Perhaps the only item with any monetary value that I received from my parents' estate was this booklet of World War II "postal savings stamps." The stamps, which were purchased in 10 or 25 cent increments, could be exchanged for a "Type E" savings bond when the booklet was full. Billions of dollars were raised for the war effort with some of these stamps (my mother's for example) remaining unredeemed. They still hold their face value, although inflation has made them nearly worthless. Today, any financial adviser would steer you away from bonds like this, pointing instead in the direction of better yields in the market or mutual funds (although these kinds of investments seem to have lost some of their allure in recent years.) My mother would have been better off redeeming these after the war; by investing in S&P stocks returning an average of 6% per year her $4 in stamps would be worth about one hundred dollars now, enough for a nice dinner for two.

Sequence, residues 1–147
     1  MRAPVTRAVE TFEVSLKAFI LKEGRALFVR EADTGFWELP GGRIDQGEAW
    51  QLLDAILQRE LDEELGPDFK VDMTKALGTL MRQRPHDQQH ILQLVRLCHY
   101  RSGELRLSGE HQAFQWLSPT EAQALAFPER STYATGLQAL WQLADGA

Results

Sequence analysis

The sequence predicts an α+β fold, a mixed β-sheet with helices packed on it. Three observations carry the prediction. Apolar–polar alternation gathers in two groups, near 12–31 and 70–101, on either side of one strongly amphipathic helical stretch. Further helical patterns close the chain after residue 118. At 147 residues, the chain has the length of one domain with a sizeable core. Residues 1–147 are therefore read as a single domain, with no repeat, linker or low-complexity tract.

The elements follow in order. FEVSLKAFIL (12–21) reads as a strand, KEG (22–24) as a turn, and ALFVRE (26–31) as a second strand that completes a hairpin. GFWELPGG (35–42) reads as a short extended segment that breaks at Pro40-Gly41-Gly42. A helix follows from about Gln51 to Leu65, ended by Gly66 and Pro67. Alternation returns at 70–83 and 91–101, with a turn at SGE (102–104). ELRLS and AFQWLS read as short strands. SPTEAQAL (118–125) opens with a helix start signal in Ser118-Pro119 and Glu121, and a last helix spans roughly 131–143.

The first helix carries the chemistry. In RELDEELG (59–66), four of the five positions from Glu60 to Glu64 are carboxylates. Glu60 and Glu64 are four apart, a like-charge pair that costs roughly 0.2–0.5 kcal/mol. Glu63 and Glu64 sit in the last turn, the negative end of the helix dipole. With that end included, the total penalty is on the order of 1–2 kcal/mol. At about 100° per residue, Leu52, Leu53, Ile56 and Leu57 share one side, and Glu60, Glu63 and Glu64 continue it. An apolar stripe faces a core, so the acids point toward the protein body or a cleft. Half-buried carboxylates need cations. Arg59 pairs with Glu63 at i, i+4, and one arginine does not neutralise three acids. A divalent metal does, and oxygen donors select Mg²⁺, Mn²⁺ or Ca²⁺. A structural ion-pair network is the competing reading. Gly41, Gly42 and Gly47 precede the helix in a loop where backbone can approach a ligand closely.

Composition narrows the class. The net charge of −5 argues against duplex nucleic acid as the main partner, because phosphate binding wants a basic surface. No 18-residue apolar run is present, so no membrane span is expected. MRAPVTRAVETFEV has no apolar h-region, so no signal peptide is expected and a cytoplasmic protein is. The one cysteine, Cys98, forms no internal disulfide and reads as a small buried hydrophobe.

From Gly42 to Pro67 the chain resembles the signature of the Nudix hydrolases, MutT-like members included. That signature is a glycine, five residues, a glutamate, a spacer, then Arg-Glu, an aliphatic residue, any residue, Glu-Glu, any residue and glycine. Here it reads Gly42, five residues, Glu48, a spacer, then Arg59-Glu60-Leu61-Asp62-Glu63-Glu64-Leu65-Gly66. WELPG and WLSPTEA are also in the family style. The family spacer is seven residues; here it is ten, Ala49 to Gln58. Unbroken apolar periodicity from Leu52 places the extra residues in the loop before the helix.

She may have been better off, personally, if she had used the money to enjoy a dinner for two back then, but evidently she thought it a better plan to invest in our country's future.